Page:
Diversity challenged again
10/17/2012, 9:47 a.m.
Diversity challenged again
The U.S. Supreme Court is now reconsidering an issue they decided nine years ago — whether colleges may include the race of the applicant in their admissions policy. In Grutter v. Bollinger, a case against the University of Michigan Law School, the court ruled 5-to-4 in favor of the defendant in 2003.
The decision held “the Law School’s narrowly tailored use of race in admissions decisions to further a compelling interest in obtaining the educational benefits that flow from a diverse student body is not prohibited by the Equal Protection Clause or Title VI of the Civil Rights Act.”
In her majority opinion, Justice Sandra Day O’Connor advised that she expected the ruling to stand for only 25 years as attitudes in America changed. However, it is being challenged after only nine.
In the present case, Fisher v. University of Texas at Austin (UTA), the questions posed by Chief Justice John G. Roberts to the lawyer for UTA suggest the information the Court is seeking. According to reports, Roberts wants to know how much diversity is sufficient, and whether that level can be attained without racial preferences. Since the University of Texas accepts the top 10 percent of the state’s high school graduates, some believe that this policy might resolve the diversity issue.
Since the 1978 Bakke case (Regents of the University of California v. Bakke) there have been a number of reverse discrimination cases. White college applicants have alleged that they were denied admission in favor of less qualified minorities. Older citizens wonder where were the protesters when minorities were the victims of discrimination?
African Americans of vintage years remember when universities in the South did not admit black students at all. In fact, they would not play sports teams from outside the Confederacy that included black players. The Boston College football team had to leave behind their black star running back, Lou Montgomery, when they played Clemson in the Cotton Bowl in 1939 and Tennessee in the Sugar Bowl in 1940.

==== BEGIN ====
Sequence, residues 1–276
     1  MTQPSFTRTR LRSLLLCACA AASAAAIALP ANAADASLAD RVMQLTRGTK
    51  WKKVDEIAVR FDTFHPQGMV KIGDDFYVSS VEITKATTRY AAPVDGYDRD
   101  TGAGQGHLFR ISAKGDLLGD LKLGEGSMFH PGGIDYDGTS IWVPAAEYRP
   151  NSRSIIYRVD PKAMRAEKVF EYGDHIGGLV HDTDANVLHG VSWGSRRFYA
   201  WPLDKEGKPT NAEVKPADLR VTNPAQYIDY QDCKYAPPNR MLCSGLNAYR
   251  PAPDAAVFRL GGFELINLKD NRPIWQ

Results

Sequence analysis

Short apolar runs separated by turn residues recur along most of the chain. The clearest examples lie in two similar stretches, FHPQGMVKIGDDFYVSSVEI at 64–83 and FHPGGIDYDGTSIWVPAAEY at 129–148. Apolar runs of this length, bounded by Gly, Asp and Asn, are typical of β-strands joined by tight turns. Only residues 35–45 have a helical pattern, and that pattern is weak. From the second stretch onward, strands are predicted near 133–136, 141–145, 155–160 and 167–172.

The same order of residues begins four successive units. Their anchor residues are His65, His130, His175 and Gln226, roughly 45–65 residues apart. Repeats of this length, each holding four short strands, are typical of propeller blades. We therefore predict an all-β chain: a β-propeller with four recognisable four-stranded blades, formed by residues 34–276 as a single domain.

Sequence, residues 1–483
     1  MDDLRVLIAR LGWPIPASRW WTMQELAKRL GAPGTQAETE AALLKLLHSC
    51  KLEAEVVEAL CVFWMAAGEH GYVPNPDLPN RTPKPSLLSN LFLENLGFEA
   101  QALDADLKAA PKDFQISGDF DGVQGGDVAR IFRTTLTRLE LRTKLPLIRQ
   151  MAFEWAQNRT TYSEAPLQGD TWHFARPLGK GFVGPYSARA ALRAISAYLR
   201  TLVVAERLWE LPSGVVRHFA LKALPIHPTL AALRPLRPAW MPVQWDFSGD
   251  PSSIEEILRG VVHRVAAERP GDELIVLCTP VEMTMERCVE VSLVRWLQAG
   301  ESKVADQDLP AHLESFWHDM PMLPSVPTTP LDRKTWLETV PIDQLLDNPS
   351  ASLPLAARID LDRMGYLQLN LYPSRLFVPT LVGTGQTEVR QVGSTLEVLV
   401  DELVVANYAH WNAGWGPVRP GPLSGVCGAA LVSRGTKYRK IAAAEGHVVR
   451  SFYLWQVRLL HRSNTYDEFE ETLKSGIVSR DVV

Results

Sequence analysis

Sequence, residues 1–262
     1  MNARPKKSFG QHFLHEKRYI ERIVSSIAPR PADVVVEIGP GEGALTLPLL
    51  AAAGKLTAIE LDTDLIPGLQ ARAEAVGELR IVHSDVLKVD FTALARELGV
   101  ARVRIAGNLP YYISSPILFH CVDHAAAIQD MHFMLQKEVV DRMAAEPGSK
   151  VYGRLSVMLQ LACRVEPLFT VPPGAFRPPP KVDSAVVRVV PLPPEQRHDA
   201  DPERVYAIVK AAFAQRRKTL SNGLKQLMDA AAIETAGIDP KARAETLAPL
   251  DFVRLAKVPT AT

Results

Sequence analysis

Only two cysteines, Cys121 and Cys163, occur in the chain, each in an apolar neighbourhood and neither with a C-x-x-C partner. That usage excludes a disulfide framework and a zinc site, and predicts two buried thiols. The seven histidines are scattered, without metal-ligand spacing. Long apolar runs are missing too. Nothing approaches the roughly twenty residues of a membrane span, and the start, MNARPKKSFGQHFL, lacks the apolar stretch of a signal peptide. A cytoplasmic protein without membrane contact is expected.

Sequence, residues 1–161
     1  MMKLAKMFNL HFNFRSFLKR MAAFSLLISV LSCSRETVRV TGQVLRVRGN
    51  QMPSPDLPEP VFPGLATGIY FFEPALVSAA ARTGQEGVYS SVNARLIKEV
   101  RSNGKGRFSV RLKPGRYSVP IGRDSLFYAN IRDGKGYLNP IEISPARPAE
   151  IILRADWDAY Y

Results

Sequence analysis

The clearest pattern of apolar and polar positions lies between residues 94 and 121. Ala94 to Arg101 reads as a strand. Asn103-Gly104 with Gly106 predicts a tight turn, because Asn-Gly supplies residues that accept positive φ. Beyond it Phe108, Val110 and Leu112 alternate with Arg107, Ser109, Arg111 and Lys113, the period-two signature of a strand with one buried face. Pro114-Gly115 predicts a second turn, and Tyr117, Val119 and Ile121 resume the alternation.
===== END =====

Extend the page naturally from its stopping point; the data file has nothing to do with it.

These restrictions were not limited to the South. New York University (NYU) left behind their fullback, Leonard Bates, when they went to play the University of Missouri in 1940. A group of seven students that protested the action were suspended for three months in 1941. It took 60 years for the NYU administration to issue a formal apology to the protesting alumni.
Those who have stood up against injustice have always paid a heavy price. The NYU students were punished for opposing the “gentleman’s agreement” that denied Bates the right to play football in Missouri. And thousands of protesters risked their lives in the Civil Rights Movement to end racial discrimination in education. Is it not reasonable to expect that some students might be inconvenienced as society struggles to provide a more diverse and racially compatible college environment?
Most whites were silent during the nation’s history of racial oppression. They have come to life now in opposition to efforts designed to ameliorate the damage caused by generations of racial discrimination. Blacks would be well advised to understand that general empathy for inflictions caused by past discrimination is waning.
Justice O’Connor predicted that the rule in Grutter would be good for 25 years. Here it is under attack after only nine. African American leaders should understand from this that the affirmative action window is closing.